And it is possible to compete with free. Free to air TV networks have competed for over 70 years.

Does that mean that sales of a physical product are gone? My answer is NO because fans of bands will always want that special unique deluxe package. The part that some labels like Rat Pak or artists like Coheed and Cambria get and other labels or artists don’t get is that the deluxe package in 2014 is more than a CD with a DVD. Those days are long gone.

In relation to APRA all you need to do is cast your mind back to 2008 when APRA supported an aggressive new copyright law in New Zealand including punishment of persons accused but not proven to be infringing copyright. This position was opposed by artists and APRA members but hey they still thought it was a good idea.

The thing with Andrew Harris and APRA AMCOS is that they get paid when they collect monies on behalf of the songwriters. And the thing is, even though streaming pays the rights holders which in most cases are the Record Labels, where does APRA AMCOS fit in all of this.

The AMCOS arm collects and distributes mechanical royalties for the reproduction of musical works in CD’s, music videos, DVD’s and digital downloads to name a few. So if people are streaming music, what does AMCOS collect? This is from APRA’s sustainability report published in October 2013.

Nowadays, new media accounts for almost 50% of AMCOS revenue, with licensing revenue from digital downloads totalling $26.7m in 2012/13. Revenue from subscription and ad-funded services more than doubled during the year, however, to $1.2m, and most of the world’s major players in that space – including Spotify, Google, Rdio and Deezer –now operate in Australia and NZ.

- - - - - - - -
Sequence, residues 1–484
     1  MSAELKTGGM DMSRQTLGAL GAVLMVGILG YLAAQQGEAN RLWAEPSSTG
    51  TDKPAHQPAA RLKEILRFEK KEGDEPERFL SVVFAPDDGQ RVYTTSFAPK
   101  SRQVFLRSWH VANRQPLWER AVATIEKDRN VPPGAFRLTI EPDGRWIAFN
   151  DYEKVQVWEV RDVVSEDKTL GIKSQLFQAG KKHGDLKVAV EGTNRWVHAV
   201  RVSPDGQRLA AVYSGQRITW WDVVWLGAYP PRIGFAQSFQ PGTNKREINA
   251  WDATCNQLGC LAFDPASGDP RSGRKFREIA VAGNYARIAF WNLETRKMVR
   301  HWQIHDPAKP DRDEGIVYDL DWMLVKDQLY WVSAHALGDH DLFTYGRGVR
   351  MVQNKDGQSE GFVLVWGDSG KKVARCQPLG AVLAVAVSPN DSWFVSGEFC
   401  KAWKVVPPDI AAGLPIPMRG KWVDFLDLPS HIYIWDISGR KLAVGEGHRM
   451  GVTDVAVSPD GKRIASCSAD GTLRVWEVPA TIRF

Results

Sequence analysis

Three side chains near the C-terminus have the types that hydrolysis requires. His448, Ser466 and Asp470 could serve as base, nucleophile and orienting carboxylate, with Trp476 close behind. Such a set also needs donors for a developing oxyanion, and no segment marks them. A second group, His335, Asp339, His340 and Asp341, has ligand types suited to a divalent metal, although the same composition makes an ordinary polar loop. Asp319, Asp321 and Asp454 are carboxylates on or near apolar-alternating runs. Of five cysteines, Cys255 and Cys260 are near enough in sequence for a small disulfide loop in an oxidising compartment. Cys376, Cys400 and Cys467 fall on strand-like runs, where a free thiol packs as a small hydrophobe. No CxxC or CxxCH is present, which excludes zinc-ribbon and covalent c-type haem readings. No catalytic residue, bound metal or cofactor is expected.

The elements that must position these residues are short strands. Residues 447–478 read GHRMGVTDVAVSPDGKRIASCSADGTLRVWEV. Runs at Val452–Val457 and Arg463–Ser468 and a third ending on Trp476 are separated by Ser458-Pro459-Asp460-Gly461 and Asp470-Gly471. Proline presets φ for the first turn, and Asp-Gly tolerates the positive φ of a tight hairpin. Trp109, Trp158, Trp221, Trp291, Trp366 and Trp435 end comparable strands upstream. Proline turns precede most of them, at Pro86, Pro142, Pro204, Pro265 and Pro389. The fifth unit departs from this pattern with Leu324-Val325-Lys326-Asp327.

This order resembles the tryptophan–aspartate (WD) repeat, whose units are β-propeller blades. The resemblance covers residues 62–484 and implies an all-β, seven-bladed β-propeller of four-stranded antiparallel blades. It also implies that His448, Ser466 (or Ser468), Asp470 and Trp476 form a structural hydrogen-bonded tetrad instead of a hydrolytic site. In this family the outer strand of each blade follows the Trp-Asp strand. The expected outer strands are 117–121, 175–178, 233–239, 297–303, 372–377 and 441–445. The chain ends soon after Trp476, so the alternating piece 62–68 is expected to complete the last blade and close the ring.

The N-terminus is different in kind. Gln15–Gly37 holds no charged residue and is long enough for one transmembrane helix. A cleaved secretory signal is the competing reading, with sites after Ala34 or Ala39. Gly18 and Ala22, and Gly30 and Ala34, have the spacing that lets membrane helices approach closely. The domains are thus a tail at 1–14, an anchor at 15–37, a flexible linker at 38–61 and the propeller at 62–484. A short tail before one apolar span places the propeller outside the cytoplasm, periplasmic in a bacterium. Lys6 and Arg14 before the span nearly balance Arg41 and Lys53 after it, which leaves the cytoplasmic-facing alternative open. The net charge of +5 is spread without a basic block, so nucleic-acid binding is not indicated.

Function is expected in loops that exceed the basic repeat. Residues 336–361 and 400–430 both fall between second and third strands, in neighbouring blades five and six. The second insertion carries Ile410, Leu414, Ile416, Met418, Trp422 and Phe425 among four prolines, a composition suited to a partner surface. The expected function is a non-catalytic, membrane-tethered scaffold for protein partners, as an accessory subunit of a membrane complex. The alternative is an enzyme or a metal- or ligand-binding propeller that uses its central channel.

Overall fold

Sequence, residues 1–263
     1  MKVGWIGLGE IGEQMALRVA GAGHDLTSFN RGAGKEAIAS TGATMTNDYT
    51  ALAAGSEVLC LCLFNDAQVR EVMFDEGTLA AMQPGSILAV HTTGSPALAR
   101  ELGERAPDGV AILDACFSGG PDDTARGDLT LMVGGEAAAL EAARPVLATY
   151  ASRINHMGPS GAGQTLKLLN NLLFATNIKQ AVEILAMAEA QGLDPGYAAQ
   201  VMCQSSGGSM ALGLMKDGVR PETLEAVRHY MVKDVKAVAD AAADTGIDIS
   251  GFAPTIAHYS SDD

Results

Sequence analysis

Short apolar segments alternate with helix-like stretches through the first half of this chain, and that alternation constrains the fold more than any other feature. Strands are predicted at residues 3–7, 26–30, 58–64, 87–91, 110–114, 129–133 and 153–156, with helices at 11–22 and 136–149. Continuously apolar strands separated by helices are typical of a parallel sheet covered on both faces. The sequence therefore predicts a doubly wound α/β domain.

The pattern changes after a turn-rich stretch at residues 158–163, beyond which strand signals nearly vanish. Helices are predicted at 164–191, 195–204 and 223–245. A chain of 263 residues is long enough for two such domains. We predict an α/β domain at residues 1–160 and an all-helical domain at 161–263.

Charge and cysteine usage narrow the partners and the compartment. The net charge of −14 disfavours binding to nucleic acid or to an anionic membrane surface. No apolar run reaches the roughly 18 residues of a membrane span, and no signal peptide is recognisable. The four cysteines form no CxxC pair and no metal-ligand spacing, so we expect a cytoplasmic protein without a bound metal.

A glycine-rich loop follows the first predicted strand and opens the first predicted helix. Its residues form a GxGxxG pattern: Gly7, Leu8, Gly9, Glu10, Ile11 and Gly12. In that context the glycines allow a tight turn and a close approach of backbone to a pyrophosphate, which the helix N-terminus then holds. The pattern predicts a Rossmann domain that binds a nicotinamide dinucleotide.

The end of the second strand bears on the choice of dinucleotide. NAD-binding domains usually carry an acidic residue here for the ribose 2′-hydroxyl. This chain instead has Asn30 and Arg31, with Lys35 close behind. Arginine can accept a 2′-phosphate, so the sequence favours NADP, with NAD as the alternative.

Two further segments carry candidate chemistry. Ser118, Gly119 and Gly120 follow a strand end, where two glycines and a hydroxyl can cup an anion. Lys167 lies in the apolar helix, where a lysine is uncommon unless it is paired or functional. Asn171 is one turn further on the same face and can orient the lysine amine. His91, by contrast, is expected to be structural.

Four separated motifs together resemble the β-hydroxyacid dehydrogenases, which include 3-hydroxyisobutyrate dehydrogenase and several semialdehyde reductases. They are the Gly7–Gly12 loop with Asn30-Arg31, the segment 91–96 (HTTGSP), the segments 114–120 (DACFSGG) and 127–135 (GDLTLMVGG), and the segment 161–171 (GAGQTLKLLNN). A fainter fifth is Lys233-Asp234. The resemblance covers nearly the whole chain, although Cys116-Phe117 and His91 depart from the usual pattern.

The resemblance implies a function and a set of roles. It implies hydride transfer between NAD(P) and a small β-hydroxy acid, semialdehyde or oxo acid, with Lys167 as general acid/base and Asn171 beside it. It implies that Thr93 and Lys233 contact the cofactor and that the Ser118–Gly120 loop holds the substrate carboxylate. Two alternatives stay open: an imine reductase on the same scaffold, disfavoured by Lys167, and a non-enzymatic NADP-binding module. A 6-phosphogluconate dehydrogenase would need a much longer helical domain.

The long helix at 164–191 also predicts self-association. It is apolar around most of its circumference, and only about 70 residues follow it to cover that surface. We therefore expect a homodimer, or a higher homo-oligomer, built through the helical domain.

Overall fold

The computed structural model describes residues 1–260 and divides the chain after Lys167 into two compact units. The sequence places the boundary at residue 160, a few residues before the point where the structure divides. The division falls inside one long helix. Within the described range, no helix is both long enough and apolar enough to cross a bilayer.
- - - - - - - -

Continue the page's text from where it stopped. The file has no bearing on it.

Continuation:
By comparison, traditional mechanical royalties from the sale of physical product accounted for only $10.5m of AMCOS revenue during 2012/13 – a decline of some $4m over the year – and a figure that is expected to decline further in the immediate future.

And that is the crux of the argument from APRA AMCOS which has been the same argument from the record labels for a long time. Still focused on what they get paid right now without any thought as to what a future with a hundred million paying streaming subscribers could bring to its business. Still focused on CD sales right now instead of a future with a billion subscribers who download mp3’s for free on ad supported legal websites.

It’s a brave new world out there and it is a shame that organisations that make their money from artists/songwriters are not doing their best to push innovation and in turn make more money for their members.

Copyright, Music, My Stories, Piracy, Stupidity, Treating Fans Like Shit

Price, Piracy And “The Stealing vs Copyright Infringement” Argument Again

Australia (where I reside) is always mentioned as a leading country that specialises in copyright infringement.

So it comes as no surprise that the latest Attorney General, George Brandis flush with lobbying dollars from Village Roadshow (Village was part of a failed court case two years ago against iiNet, in which the High Court ruled that iiNet as an ISP had not authorised copyright infringements) is pledging to do something about these “pirates”.